Generally speaking, the best online advice I can give to ladies who are considering revisionary breast augmentation surgery (regarding breast implant size/profile selection) is:
1. Concentrate on choosing your plastic surgeon carefully. Concentrate on appropriate training, certification, and the ability of the plastic surgeon to achieve the results you are looking for. Ask to see lots of examples of his/her work.
2. Have a full discussion and communication regarding your desired goals with your plastic surgeon. This communication will be critical in determining breast implant size/type/profile will most likely help achieve your goals.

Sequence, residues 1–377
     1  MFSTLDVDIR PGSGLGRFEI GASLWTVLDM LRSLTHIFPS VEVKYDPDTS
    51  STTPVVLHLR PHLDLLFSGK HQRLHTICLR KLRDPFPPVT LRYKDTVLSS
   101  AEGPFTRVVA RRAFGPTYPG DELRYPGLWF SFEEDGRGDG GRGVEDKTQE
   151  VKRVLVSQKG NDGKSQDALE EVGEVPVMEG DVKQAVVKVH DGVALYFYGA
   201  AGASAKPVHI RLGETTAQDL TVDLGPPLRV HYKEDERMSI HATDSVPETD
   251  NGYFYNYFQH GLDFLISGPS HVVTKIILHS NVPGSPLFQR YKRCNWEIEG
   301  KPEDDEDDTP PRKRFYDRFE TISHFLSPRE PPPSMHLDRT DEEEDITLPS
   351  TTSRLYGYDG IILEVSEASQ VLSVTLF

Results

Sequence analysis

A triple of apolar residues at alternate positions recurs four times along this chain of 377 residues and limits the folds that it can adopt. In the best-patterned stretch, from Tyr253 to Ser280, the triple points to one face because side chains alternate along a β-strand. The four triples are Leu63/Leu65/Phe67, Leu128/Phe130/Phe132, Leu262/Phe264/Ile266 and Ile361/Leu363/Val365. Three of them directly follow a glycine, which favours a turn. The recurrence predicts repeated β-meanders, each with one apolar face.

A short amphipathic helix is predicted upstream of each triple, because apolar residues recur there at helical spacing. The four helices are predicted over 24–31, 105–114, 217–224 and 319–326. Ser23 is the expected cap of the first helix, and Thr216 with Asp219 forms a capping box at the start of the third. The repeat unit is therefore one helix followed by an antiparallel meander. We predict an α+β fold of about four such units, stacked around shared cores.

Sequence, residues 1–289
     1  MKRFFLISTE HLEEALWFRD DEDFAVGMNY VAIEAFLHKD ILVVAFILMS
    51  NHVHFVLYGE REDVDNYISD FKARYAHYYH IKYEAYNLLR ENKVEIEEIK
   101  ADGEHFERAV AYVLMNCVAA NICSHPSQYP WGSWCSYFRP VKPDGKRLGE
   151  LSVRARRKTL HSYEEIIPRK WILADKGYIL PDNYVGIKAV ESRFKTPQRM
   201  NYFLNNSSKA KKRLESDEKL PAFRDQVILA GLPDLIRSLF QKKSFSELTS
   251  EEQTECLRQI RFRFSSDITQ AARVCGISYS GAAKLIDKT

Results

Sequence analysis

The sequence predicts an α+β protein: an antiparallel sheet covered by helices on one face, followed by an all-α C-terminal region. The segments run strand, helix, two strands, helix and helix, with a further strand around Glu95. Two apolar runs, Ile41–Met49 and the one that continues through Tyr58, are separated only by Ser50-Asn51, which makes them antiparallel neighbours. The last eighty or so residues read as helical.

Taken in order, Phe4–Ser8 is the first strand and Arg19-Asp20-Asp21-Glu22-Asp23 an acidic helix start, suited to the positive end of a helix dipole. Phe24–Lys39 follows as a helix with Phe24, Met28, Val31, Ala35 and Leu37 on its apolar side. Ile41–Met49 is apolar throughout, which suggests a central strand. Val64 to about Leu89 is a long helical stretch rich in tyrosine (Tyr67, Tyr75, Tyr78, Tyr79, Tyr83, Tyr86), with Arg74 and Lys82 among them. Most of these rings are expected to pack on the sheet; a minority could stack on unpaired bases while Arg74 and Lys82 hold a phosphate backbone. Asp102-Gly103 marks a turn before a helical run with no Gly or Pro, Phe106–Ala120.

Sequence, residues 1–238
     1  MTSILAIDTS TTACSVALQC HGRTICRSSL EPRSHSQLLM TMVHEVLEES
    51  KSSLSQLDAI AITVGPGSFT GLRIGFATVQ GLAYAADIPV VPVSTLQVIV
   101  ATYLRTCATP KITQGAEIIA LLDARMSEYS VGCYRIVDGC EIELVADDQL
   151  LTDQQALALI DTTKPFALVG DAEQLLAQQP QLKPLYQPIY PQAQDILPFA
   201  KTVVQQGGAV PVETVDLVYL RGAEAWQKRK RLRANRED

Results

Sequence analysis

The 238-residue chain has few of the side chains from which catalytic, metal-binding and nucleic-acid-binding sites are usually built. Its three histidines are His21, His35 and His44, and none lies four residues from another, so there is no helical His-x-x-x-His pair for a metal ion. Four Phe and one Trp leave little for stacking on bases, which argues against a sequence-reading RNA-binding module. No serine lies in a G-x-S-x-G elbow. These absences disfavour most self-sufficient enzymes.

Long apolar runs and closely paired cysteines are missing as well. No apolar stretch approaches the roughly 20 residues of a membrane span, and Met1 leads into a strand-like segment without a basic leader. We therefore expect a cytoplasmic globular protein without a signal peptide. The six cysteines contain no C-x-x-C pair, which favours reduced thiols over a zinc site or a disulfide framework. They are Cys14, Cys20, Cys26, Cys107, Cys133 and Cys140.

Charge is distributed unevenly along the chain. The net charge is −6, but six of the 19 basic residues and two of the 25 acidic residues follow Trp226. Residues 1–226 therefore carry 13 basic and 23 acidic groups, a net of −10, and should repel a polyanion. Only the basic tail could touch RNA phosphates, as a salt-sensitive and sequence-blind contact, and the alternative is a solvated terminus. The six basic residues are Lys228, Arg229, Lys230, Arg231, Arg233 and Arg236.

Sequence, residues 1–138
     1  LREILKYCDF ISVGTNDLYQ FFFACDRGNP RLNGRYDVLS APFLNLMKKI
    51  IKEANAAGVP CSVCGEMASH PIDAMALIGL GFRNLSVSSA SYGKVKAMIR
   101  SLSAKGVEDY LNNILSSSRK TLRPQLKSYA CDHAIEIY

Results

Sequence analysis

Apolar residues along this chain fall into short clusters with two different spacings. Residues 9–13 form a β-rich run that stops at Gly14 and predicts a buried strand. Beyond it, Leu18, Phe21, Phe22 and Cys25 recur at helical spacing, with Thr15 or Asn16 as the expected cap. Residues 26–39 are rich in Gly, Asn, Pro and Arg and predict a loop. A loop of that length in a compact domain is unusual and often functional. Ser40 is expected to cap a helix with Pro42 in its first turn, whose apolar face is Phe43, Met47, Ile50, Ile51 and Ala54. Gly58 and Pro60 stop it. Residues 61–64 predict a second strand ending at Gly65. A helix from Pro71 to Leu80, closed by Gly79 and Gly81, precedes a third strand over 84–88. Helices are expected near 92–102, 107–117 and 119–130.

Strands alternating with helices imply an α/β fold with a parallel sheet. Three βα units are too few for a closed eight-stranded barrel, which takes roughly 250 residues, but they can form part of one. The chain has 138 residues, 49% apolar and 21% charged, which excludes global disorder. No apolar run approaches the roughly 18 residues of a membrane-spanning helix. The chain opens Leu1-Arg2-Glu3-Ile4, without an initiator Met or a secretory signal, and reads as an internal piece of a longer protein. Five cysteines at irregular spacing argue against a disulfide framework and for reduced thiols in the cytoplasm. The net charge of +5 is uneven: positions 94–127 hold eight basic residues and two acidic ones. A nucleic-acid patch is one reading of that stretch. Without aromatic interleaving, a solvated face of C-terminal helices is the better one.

In my practice, the use of photographs of “goal” pictures (and breasts that are too big or too small) is very helpful. I have found that the use of words such as “natural” or "D or DD cup” or "fake look" etc means different things to different people and therefore prove unhelpful.
Also, as you know, cup size varies depending on him who makes the bra; therefore, discussing desired cup size may also be inaccurate.
3. Once you feel you have communicated your goals clearly, allow your plastic surgeon to use his/her years of experience/judgment to choose the breast implant size/profile that will best meet your goals. Again, in my practice, this decision is usually made during surgery ( after the use of temporary intraoperative sizers). Viewing the patient's chest wall in the upright and supine positions, with temporary sizes in place, help select the best breast implant size/profile for the specific patient.
I hope this, and the attached link (dedicated to revisionary breast augmentation surgery concerns), helps.